Airlines are notoriously bad investments. Or, at least they were, up until about the last two years or so. Typically, airlines go through periods of profit and growth, followed by periods of barely breaking even. When the growth period starts, airlines invest heavily in new planes, upgraded cabins, new livery designs, and new routes. So why would anyone invest in an airline? We’re currently in one of those growth cycles, which is unlike any other — ever. Due to mergers over the past two decades, there are fewer airliners in the market than ever before, which has made streamlining and…
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Airlines are notoriously bad investments. Or, at least they were, up until about the last two years or so. Typically, airlines go through periods of profit and growth, followed by periods of barely breaking even. When the growth period starts, airlines invest heavily in new planes, upgraded cabins, new livery designs, and new routes.
So why would anyone invest in an airline?
We’re currently in one of those growth cycles, which is unlike any other — ever. Due to mergers over the past two decades, there are fewer airliners in the market than ever before, which has made streamlining and consolidating routes easier than ever. From Air Canada (TSX:AC)(TSX:AC.B) acquiring Canadian Airlines nearly two decades ago to American Airlines Group Inc. (NASDAQ:AAL) taking US Airways less than two years ago, the competitive landscape has changed considerably.
Delta Air Lines Inc. (NYE:DAL), United Continental Holdings Inc (NYSE:UAL), and Southwest Airline Co (NYSE:LUV) also did their fair share of mergers that have resulted in putting four behemoths in the U.S. market, along with Air Canada in the Canadian market, in prime positions.
The mergers started the current cycle, but new fleets and reduced fuel costs really set the market ablaze. Nearly a decade ago, fuel prices were more than double their current levels, and airliners were slapping fees on just about everything to offset fuel prices. Fast forward to today, and many of those charges are still there, but fuel prices are considerably lower.
All major airlines have also invested in new fleets over the past few years; some opted for the ultra-efficient Dreamliner offered by The Boeing Co., while both Air Canada and Delta opted to augment that order with Bombardier Inc.’s CSeries. The result is the same though: they have new aircraft that can fly further, sometimes with more passengers and cargo, for less fuel.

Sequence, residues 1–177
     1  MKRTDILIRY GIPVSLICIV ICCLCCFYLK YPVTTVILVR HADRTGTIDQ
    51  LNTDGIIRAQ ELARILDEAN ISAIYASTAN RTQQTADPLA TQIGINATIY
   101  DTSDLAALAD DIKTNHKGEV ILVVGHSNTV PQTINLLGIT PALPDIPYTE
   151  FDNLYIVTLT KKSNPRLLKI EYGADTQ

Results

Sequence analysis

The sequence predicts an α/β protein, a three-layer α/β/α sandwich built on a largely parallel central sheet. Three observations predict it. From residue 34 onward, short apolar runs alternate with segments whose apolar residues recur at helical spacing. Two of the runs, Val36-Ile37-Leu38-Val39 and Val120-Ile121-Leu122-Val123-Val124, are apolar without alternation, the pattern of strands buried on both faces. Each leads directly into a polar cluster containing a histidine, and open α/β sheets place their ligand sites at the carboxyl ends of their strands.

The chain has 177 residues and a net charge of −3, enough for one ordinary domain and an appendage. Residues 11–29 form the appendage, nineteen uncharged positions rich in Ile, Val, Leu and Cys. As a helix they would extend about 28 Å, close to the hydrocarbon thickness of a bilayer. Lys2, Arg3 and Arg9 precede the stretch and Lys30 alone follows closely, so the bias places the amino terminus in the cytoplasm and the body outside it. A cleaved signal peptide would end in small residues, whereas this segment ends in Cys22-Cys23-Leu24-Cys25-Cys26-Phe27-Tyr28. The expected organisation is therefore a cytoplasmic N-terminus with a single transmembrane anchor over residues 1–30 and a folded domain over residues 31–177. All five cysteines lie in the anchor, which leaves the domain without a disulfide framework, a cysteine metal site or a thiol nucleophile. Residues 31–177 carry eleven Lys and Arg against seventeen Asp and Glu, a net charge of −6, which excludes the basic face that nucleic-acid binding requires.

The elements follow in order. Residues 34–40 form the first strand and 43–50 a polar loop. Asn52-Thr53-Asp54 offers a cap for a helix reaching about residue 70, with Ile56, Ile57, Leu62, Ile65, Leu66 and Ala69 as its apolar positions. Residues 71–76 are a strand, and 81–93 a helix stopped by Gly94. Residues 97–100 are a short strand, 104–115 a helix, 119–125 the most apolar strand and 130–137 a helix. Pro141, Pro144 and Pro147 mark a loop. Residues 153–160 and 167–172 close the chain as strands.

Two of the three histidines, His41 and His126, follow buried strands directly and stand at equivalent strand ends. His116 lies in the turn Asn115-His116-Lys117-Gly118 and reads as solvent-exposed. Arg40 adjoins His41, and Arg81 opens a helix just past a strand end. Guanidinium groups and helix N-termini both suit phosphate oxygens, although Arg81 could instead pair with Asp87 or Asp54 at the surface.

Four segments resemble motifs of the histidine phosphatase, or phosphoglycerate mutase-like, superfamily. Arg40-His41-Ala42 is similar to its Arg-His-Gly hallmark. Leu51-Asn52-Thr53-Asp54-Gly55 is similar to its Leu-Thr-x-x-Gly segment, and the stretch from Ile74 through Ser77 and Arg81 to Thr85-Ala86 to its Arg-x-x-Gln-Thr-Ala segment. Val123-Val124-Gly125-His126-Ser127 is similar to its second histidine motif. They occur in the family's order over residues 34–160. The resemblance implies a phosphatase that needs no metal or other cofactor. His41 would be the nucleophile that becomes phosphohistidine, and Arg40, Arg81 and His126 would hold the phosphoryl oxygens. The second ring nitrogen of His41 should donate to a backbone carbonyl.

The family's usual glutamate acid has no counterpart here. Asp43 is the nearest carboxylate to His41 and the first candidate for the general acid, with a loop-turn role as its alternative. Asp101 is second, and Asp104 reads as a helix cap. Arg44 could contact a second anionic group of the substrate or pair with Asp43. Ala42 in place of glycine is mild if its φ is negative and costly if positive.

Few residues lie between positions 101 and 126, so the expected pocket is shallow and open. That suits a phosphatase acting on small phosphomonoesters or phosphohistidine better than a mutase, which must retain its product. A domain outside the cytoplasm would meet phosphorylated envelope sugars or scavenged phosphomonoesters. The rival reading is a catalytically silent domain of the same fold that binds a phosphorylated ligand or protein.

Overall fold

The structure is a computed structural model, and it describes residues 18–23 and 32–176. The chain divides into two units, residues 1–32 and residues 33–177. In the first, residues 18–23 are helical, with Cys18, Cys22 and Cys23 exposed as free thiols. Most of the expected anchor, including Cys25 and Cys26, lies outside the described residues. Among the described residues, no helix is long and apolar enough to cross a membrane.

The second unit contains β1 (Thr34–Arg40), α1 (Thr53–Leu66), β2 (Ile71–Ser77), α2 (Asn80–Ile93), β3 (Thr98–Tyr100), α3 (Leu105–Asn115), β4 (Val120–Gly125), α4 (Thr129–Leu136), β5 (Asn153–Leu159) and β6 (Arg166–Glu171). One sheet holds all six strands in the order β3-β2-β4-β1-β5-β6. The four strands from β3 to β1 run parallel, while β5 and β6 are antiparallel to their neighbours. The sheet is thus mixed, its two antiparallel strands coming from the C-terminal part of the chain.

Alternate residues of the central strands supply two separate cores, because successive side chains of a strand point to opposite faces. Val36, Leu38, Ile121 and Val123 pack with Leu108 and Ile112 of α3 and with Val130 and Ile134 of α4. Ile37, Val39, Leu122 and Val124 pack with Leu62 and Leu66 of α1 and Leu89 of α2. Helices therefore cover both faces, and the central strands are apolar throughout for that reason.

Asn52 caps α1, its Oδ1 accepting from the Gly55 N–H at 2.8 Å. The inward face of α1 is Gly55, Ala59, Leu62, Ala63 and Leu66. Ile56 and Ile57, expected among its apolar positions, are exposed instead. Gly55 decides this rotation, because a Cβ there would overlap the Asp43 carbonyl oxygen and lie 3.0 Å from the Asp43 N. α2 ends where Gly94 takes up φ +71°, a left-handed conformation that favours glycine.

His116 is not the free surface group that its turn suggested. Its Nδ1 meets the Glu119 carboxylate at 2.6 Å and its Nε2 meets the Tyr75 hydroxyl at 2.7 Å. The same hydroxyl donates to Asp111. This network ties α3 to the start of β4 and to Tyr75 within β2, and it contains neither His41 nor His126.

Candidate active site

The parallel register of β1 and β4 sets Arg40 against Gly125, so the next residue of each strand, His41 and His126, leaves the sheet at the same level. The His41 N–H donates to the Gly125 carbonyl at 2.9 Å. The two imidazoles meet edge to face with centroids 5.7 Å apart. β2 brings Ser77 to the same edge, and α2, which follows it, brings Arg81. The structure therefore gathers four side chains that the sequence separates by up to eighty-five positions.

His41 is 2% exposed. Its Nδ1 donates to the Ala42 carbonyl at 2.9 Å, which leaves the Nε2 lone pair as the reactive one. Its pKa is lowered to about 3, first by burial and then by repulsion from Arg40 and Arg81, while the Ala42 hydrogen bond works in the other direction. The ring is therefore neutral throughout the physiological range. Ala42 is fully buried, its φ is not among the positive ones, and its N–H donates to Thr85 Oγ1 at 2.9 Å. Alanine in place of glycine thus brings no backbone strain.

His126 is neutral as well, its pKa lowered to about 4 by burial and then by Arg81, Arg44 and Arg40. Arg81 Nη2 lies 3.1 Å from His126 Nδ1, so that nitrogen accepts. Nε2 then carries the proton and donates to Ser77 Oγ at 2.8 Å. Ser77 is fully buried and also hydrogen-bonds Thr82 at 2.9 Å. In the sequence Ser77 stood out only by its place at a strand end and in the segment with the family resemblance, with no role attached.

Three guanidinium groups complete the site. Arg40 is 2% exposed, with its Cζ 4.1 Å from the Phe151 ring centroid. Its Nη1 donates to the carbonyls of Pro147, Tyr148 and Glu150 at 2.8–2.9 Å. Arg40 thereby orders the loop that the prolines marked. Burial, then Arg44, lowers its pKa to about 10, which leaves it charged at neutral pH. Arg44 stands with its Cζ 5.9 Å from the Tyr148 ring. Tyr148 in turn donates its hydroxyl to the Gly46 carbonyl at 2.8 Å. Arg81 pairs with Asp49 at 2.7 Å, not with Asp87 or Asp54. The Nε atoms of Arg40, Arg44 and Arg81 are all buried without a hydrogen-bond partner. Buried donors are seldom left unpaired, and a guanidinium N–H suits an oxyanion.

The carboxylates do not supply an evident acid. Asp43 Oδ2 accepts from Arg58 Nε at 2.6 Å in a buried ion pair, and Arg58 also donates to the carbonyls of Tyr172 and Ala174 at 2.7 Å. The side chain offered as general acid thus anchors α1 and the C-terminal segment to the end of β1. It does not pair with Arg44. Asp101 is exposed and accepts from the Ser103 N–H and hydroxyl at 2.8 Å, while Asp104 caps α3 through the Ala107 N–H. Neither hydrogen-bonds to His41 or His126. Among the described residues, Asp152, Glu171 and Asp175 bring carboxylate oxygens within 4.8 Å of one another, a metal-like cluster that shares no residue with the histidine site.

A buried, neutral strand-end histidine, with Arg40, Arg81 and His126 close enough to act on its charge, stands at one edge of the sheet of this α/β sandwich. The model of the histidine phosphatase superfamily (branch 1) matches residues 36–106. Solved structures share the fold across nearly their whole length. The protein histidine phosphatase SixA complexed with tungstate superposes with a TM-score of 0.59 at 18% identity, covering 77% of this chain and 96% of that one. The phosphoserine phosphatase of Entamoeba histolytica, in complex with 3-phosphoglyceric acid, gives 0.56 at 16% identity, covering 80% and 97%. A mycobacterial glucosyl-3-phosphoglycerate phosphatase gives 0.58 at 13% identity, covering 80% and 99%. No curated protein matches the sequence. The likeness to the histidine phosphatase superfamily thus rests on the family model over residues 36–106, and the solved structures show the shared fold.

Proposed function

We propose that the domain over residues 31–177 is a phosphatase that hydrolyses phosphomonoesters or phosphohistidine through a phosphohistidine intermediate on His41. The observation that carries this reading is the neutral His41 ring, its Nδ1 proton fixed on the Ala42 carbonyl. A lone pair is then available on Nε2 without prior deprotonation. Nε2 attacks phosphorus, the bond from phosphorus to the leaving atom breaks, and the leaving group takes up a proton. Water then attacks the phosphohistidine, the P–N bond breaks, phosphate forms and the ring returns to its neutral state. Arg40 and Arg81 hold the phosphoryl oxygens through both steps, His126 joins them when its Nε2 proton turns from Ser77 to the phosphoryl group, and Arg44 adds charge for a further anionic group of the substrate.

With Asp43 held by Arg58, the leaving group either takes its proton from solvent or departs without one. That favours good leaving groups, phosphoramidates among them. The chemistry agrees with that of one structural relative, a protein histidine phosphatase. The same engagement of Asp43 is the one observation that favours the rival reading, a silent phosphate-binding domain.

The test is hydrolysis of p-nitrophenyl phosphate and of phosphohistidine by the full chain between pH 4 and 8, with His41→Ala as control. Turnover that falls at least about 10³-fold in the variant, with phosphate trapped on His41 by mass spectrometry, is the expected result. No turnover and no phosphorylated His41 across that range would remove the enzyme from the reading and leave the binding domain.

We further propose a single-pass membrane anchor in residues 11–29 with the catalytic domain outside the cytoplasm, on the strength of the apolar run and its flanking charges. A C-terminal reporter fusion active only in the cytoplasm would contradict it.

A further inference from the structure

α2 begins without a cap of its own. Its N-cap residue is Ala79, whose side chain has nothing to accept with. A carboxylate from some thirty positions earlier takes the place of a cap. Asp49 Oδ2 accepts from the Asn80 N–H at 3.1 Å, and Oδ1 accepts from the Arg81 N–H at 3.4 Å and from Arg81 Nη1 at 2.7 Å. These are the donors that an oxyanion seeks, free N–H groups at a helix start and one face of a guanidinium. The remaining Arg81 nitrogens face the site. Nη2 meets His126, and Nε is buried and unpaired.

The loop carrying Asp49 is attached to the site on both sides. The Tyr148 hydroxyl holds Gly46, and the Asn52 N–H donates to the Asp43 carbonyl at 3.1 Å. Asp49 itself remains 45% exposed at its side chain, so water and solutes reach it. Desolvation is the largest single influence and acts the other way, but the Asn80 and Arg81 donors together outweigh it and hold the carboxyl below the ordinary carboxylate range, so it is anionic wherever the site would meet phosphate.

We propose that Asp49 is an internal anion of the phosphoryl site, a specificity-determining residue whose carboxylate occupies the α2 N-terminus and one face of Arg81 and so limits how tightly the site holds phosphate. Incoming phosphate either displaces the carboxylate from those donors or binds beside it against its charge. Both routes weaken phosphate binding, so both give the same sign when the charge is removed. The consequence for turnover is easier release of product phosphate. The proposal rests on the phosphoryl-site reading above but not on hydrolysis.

The complete picture of the airliner landscape now consists of newer planes, lower fuel costs, larger airlines, and less competition. Do you see the potential yet? But wait … there’s more.
Remember that cycle I mentioned before? We are in one now, but a clear difference from previous cycles is that airliners aren’t spending on growth the way that they once were. They are doing modest improvements over the course of several years that should result in the current profit run withstanding any dip in future quarters.
What about growth?
Growth across this latest cycle has been phenomenal. American Airlines is up by nearly 30% in the past two years since the merger with US Airways. United Continental is up 66% in those same two years and up by a whopping 224% in the past five years.
Delta, which merged with Northwest just over a decade ago, is up by over 370% in that same five-year period and offers a dividend with a 1.5% yield.
Air Canada’s growth is even more impressive with the stock soaring 83% in the past 12-month period alone.
Investors have good company too
Airliners have attracted a fair amount of attention lately from investors, including none other than renowned investor Warren Buffett. Buffett has been notoriously against investing in airlines, noting as recently as 2013 that an investment in airlines was a “deathtrap.”
That hasn’t stopped Berkshire Hathaway Inc. from investing in the biggest U.S.-based carriers on two separate occasions in the past six months.
In all, the “Oracle of Omaha” now has over US$10 billion invested in the airline industry, and with no indication of the good times ending anytime soon, the profits and growth will continue to roll in for some time.
In my opinion, Airlines are promising investments, at least for the moment. Nearly all the big airlines have posted record-breaking results over the past few quarters, and that trend doesn’t appear to be ending anytime soon.
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Fool contributor Demetris Afxentiou has no position in any stocks mentioned. The Motley Fool owns shares of Berkshire Hathaway (B shares).